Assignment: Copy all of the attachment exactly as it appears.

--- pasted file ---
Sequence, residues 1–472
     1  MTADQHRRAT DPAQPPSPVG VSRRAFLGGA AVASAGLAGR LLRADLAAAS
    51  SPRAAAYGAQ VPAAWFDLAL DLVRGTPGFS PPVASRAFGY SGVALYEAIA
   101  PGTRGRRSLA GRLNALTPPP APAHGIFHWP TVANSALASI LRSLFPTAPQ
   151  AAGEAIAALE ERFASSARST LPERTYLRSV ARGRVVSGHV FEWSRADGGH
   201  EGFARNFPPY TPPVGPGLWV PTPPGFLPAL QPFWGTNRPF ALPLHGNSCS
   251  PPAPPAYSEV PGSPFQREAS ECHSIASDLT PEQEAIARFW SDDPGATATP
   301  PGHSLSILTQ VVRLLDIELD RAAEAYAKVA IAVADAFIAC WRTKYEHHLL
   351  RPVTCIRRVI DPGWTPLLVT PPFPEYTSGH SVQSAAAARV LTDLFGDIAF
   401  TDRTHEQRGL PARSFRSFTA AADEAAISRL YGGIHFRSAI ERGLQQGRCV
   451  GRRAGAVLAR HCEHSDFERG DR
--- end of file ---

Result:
Sequence, residues 1–472
     1  MTADQHRRAT DPAQPPSPVG VSRRAFLGGA AVASAGLAGR LLRADLAAAS
    51  SPRAAAYGAQ VPAAWFDLAL DLVRGTPGFS PPVASRAFGY SGVALYEAIA
   101  PGTRGRRSLA GRLNALTPPP APAHGIFHWP TVANSALASI LRSLFPTAPQ
   151  AAGEAIAALE ERFASSARST LPERTYLRSV ARGRVVSGHV FEWSRADGGH
   201  EGFARNFPPY TPPVGPGLWV PTPPGFLPAL QPFWGTNRPF ALPLHGNSCS
   251  PPAPPAYSEV PGSPFQREAS ECHSIASDLT PEQEAIARFW SDDPGATATP
   301  PGHSLSILTQ VVRLLDIELD RAAEAYAKVA IAVADAFIAC WRTKYEHHLL
   351  RPVTCIRRVI DPGWTPLLVT PPFPEYTSGH SVQSAAAARV LTDLFGDIAF
   401  TDRTHEQRGL PARSFRSFTA AADEAAISRL YGGIHFRSAI ERGLQQGRCV
   451  GRRAGAVLAR HCEHSDFERG DR